Film doesn’t last forever—its demise is inherent in the chemical properties that allow it to exist—yet it is still the most assured mode of preservation for the future, even in our digital world (as anyone knows who’s ever had a hard drive crash on them). The people behind Cinecon, and particularly the Saturday afternoon program I attended that was dedicated to lost (or previously lost) films, know this more than anyone. After the screening of what’s left of Flaming Youth, they showed a 1999 documentary called Keepers of the Frame. Highlighting such institutions as the UCLA Film and Television Archive, the Library of Congress, and the Museum of Modern Art, the movie takes a ‘Technicolor’ look at the continuing history of film preservation. Along the way, it shows the only surviving footage of President William McKinley two days before he was shot, the sole motion picture record of Alaskan Inuit in the 1930’s, and actual news-reel scenes from the Hindenberg disaster.

Had these strains of film not been carefully and pain-stakingly preserved, they would have been lost, much like the prize posession of the program and entire festival was thought to be: Charlie Chaplin’s third appearance in a film, called The Thief Catcher. Found by fortunate accident amidst a pile of old films inside a trunk at an antique show, the Keystone comedy does not feature Chaplin’s patented “Tramp” character; he is instead cast as one of the Keystone cops. He appears on screen for maybe a minute, and despite what they say about hindsight’s vision, his star quality is undeniable. He seems to already understand, even at this early stage in his career, the secret to silent film acting (and it’s still true today), which is that you need a secret. You can’t let your face belie your subtext—that’s representational acting, as Stanislavski would say—only your physical actions. And Chaplin, whether the star or the bit-player, was a master of physical acting for the screen. His face always posessed a certain secret, and it’s up to us as watchers of film, as confidantes, to preserve that secret for future generations of fellow conspirators.

- By Joshua Morrison

For more information in Cinecon, please visit, and to pre-order a copy of the upcoming CHAPLIN AT KEYSTONE 4-disc DVD set, which includes The Thief Catcher, please visit

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deFineArtsLA Exclusive: POET

OLYMPUS DIGITAL CAMERAMusic—if not the industry—has triumphed through electronic, digital, and online revolutions. Photographers can shoot a thousand frames in a matter of minutes. Painting has outgrown the traditional borders of the canvas, now readily available on street corners and highway signs. Cinema is viewed less in the cinema than on Youtube or Netflix streaming. Words are no longer inscribed in ink, and many popular novels are now written as 140-character-long serials.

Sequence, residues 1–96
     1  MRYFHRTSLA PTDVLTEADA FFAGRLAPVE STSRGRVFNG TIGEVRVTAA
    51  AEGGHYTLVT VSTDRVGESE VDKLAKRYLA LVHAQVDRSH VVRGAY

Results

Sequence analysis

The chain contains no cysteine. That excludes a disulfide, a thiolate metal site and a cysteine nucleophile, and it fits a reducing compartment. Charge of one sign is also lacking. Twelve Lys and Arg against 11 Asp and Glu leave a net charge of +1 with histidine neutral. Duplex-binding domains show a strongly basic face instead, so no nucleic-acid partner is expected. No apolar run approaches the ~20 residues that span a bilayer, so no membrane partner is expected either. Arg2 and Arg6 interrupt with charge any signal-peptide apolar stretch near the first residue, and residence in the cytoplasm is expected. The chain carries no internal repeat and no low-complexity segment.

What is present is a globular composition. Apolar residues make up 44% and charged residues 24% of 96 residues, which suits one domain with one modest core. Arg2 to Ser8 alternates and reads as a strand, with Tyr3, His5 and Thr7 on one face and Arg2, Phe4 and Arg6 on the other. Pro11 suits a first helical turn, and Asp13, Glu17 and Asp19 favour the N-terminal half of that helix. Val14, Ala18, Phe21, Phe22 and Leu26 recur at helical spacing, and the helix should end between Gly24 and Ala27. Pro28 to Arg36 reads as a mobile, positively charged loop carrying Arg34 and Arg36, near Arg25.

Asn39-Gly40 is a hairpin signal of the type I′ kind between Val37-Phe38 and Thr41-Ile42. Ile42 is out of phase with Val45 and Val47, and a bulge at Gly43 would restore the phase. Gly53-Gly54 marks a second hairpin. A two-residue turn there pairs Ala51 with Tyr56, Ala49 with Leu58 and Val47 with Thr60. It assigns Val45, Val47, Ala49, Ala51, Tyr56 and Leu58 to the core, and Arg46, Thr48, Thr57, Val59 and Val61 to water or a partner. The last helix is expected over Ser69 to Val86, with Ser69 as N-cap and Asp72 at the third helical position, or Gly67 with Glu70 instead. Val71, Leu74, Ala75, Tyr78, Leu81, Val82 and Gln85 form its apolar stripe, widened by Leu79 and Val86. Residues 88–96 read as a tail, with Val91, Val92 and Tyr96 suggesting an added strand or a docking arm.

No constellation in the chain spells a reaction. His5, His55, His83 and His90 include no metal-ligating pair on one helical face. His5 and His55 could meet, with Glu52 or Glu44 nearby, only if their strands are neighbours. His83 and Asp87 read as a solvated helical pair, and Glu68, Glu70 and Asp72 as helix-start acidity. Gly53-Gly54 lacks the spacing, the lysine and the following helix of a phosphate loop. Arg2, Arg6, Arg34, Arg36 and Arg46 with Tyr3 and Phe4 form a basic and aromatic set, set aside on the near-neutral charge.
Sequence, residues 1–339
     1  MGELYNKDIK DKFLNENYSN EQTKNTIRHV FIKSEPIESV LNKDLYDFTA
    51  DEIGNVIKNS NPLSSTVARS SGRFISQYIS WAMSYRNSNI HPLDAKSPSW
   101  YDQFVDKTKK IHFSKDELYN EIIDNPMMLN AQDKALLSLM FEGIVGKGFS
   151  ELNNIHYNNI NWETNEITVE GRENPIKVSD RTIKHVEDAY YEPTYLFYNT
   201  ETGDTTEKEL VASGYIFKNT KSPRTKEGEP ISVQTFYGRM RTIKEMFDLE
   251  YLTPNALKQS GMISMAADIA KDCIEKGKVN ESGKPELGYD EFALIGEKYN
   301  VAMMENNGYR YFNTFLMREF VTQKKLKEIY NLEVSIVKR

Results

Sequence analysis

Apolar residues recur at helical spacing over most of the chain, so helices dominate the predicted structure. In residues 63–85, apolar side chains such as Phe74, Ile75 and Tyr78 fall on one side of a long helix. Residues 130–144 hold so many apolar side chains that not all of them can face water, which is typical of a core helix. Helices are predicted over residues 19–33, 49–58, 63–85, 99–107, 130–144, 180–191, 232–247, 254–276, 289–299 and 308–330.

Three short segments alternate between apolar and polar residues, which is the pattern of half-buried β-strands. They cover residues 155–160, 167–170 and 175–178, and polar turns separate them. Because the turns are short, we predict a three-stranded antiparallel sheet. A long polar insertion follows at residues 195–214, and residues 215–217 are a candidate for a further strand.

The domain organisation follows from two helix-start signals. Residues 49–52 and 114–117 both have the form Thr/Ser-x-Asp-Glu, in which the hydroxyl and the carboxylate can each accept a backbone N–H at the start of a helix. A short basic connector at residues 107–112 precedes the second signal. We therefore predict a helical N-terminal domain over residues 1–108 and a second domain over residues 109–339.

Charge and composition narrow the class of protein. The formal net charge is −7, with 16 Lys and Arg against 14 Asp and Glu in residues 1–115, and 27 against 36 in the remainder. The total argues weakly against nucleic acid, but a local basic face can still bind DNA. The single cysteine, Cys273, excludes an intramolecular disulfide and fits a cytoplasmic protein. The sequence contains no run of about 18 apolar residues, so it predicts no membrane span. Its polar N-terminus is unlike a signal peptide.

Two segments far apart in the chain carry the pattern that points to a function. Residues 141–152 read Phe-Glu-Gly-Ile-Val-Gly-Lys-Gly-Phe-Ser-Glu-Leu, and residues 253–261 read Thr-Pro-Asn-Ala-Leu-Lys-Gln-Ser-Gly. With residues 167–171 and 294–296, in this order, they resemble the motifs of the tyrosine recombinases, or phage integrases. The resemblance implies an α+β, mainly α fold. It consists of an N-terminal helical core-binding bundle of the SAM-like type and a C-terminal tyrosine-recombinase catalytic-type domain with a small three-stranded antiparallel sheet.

But poetry is dead.

Or at least that’s what it seems like. Even as a devoted follower of some incredible living and working poets, I find it hard to list more than five off the top of my head. And maybe this is due to the general assumption that while every other art-form may gracefully surf the never-ending tides of technology, poetry is to remain dormant—to hole up in its cage of antiquated rhyme schemes and meter. Even “free-form poetry” collects dust these days.

Then I hear about someone like Mathew Timmons—and I’ve been hearing a lot about him recently (Los Angeles Contemporary Exhibitions just wrapped up a month-long installation based on his 800-page book/collection/poem/collage entitled Credit.) Timmons is immediately difficult to pin down into a label. He’s a poet, a blogger, a curator, a critic, a performer, a collaborator, and a creator of chapbooks. But I suppose all could be condensed into a single description: Mathew Timmons is one of many young, Los Angeles-based artists insistent on keeping poetry alive

His latest project, as a part of his ongoing series of projects entitled “General Projects,” opens at 323 Projects on Monday, September 6th. Never heard of the gallery? That may be because it exists solely by phone, offering “visitors” a rotating sample of sound poems from Timmons’s upcoming album, The Archanoids, meant to explore the evolving relationship between noise, language, collaboration, and context.

Here’s the kicker, though. The “gallery” has a voicemail, available 24-hours a day, in which people are invited to call in and leave messages that will eventually be edited down by Timmons into a single, multi-layered sound poem by the end of the exhibition on October 11th. The show is open all day and all night, and the number to call is (323) 843-4652 or (323) TIE-IN-LA.

It all reminds me of a story, or an image rather, I was once told by a poet friend of mine in New York City. He said he knew of a fellow poet, more published than he, yet still relatively anonymous, who decided to hang a glowing, neon fixture—like the ones in old-school dive bars—facing outward on her window. It just had one word on it, in all caps: “POET.”

- By Joshua Morrison

For more information on Mathew Timmons and 323 Projects, please visit